The narrative of tracks like OG or Surinam allows the band time to stamp their own individual authority, each taking a lead masterfully as the pieces build which is what gives the band its individuality. OG walks the fine line of chaos where as Surinam is a more rounded article, more mature having a better semblance, having more order, a more outward appearance. Whereas the likes of Kater Carlo has a more straight forward rock appeal, but still being idiosyncratic in its approach, as is Perpetuum, being somewhat more commercial, well as commercial as this bands gets with their presentations. Even the album closer Alone At Lost And Found a platform to display Delville’s effects laden guitar work just oozes class, which admirably sounds like how Frank would have constructed one of his guitar solos. Very powerful indeed!
As a side band for the musicians involved and having only released I believe two albums to date, these for me are another band to investigate. I wonder what greatness could have been created if this had of been a full time project? Again this is an album for any discerning fans of Zappa, Zorn, R.I.O and Varese for that matter.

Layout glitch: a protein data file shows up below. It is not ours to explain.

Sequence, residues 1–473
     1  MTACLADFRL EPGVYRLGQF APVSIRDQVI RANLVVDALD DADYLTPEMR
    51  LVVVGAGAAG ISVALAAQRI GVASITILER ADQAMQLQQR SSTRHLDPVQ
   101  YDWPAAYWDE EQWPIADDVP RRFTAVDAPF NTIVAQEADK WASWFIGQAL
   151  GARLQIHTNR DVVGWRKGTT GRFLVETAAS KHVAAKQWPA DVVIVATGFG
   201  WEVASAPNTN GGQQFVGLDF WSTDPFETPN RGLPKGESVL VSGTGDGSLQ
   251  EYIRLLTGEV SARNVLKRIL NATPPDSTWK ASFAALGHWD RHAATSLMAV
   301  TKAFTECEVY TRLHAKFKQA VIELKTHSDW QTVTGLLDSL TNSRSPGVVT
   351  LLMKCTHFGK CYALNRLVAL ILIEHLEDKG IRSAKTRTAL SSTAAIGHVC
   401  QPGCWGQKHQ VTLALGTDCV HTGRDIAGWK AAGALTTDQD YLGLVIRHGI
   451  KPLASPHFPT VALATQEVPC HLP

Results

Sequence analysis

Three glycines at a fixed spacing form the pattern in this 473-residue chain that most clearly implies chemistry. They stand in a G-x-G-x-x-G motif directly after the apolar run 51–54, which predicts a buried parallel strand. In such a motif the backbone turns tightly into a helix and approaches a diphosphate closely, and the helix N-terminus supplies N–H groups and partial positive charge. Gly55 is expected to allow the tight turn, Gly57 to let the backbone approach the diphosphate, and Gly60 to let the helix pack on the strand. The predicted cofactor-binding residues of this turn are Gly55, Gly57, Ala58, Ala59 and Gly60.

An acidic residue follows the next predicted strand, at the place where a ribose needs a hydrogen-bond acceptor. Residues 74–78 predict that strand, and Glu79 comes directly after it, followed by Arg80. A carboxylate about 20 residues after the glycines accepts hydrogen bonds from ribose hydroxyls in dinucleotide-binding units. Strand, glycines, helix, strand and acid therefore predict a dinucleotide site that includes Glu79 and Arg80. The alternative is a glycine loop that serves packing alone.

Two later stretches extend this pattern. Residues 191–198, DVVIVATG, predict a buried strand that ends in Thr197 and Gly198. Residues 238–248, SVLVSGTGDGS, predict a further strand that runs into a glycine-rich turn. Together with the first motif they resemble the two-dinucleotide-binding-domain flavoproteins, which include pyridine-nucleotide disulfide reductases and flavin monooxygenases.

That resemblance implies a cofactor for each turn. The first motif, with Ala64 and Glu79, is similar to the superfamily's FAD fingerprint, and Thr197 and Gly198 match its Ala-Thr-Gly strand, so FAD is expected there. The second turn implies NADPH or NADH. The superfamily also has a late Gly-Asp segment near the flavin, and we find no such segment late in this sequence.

Conclusion: 8 out of 10
Spaltklang – En Suite
Tracklist: Amuse-Bouche (1:10), Von Anbeginn (13:39), Heartbeat (5:08), En Suite (11:56), Ideen (7:48), Evocazione (9:13), Open Direction (5:50), Molto Lento (2:11)
Another day, another dollar, another band, another line up. If nothing else Markus Stauss knows how to ply his trade with differing musicians, delivering the goods. For all intense and purpose Spaltklang’s En Suite is an album that more than showcases its technical talent, not that the previous releases don’t. Spaltklang were a Swiss band that existed between the 80’s and early 90’s having recorded for albums. A band that consisted of Markus Stauss (tenor and soprano sax), Olivier Vogt (viola), Stephon Brunner (bass) and Remy Strouli (drums and keyboards).
The band put their selves in the unusual position which can only be described as chamber rock, touching as ever on elements of avant-garde, R.I.O, free improve, jazz incorporating elements of fusion and rock. The music itself is very persuasive in its approach, music constructed with the use of instruments from differing families that sit and work well together. Stauss’ saxophone tones may sound delicate in places, the complexity of the passages more than make up for this; they are colourful, exquisite in their attention to detail, one minute subtle and calm the next faster paced, exciting and interesting.